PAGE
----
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Mussorgsky: Boris Godounov Import


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Audio CD, Import, May 1, 1992
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$24.95 $10.29

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Product Details

  • Performer: Ruggero Raimondi, Galina Wischnewskaja, Wyatscheslaw Polozov, Paul Plishka, Nicolai Gedda, et al.
  • Orchestra: National Symphony
  • Conductor: Mstislav Rostropovitch
  • Composer: Modest Petrovich Mussorgsky
  • Audio CD (May 1, 1992)
  • Number of Discs: 3
  • Format: Import
  • Label: Erato
  • ASIN: B000005E6S
  • Average Customer Review: 5.0 out of 5 stars  See all reviews (3 customer reviews)
  • Amazon Best Sellers Rank: #443,549 in Music (See Top 100 in Music)

Disc: 1
1. Boris Godounov: Introduction orchestrale: Scene - Eh bien, qu'avez-vous?
2. Boris Godounov: A quis nous abandonnes-tu ?
3. Boris Godounov: Fideles croyants, notre boiar reste inexorable
4. Boris Godounov: Tu as entendu les hommes?
5. Boris Godounov: Scene du Couronnement, Coronation Scene
6. Boris Godounov: Mon ame est en peine
See all 17 tracks on this disc
Disc: 2
1. Boris Godounov: Ou est mon fiance?
2. Boris Godounov: Oh, c'est assez, Princesse - Chanson du Moustique, Mosquito Song
3. Boris Godounov: Ah, Nounou, en voila un conte, Jeu de la Main chaude, The Hand-Clapping Game
4. Boris Godounov: Qu'y a-t-il?
5. Boris Godounov: Comme c'est bien, mon fils!
6. Boris Godounov: Aie, chut! - Qu'y a-t-il donc?
See all 17 tracks on this disc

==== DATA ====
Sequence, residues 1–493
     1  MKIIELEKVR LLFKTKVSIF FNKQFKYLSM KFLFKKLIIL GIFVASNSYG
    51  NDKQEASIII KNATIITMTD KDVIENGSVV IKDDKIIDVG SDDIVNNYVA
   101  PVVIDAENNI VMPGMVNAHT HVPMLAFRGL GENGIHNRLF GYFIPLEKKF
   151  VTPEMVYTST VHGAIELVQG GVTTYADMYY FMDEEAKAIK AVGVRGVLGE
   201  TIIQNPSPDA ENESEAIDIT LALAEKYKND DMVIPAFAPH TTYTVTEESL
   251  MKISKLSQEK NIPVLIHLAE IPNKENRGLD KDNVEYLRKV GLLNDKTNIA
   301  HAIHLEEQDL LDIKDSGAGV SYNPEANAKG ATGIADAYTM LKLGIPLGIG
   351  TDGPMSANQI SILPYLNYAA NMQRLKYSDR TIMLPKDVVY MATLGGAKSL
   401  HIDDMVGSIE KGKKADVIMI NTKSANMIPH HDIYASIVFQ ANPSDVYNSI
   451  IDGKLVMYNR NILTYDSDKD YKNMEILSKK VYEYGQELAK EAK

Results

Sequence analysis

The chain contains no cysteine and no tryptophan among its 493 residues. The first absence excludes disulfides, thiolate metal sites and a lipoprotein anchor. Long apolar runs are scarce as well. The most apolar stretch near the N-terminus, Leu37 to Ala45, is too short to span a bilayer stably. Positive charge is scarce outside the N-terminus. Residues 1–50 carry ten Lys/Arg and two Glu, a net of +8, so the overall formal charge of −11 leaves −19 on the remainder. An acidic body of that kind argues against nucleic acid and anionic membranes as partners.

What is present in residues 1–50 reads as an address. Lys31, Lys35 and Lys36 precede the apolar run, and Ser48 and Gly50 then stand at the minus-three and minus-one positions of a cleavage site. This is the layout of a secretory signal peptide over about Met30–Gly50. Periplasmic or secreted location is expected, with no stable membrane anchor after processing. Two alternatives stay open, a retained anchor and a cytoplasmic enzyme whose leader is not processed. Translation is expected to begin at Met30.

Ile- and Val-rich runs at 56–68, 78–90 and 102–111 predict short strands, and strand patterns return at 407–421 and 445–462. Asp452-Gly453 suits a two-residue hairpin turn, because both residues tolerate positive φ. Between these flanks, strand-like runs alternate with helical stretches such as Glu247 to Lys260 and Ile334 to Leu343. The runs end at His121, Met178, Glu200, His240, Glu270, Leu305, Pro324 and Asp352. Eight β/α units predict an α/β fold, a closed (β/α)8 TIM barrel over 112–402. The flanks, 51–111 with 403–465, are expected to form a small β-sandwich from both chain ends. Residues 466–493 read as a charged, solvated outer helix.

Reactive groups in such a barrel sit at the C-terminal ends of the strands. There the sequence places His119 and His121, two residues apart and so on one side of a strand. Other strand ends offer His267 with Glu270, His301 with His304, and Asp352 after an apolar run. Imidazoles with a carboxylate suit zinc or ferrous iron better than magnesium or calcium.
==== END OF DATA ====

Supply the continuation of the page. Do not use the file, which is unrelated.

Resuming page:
Disc: 3
1. Boris Godounov: Elle! Marina!
2. Boris Godounov: Eh bien, la messe est-elle finie?
3. Boris Godounov: Trrr, trrr, trrr
4. Boris Godounov: Aaah! Boris! Ils ont offense L'Innocent!
5. Boris Godounov: Nobles Boiars!
6. Boris Godounov: Eh bien, passons au vote
See all 17 tracks on this disc

Customer Reviews

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Most Helpful Customer Reviews

32 of 33 people found the following review helpful By Jeffrey Harris on July 28, 2000
Format: Audio CD
Mussorgsky's Boris Godunov is so rich that it never can be encompassed by one interpretation, however strong. It's worth having two or more versions, including this one, conducted by Rostropovitch, on hand. Here's how it stacks up with two other fine quality, stereo recordings using Mussorgsky's original orchestration: Abbado's and Gergiev's.
Rostropovitch and the ensemble under his baton, provide both a polished orchestral presentation and dynamic drama dominated by one of the best Borises of the digital age. The story and the music reinforce one another seamlessly.
The dramatic presentation in the Rostropovitch version is much more exciting than that in the Abbado version, which focuses more on creating a flawlessly recorded, stunning symphonic and choral atmosphere. In the Rostropovitch version, beautiful children's voices add both an innocent element to Mussorgsky's dark drama and another stunning instrument to the orchestration. In the perfectly polished Abbado version, adult women with full voices flawlessly sing the children's roles.
Rostropovitch's production lacks some of raw dramatic heft of Gergiev versions, but it has more polish. The Gergiev CD set offers two complete versions, both Mussorgsky's 1868 version and the 1873, each complete and with different casts, making it a bargain, if such a thing can be said about overpriced classical music CDs. The Rostropovitch version contains only the 1872 score.
I have all three versions and listen to all of them with great pleasure. If, heaven forbid, I could only have one, this version conducted by Rostropovitch might be it. It would be a tough call to make.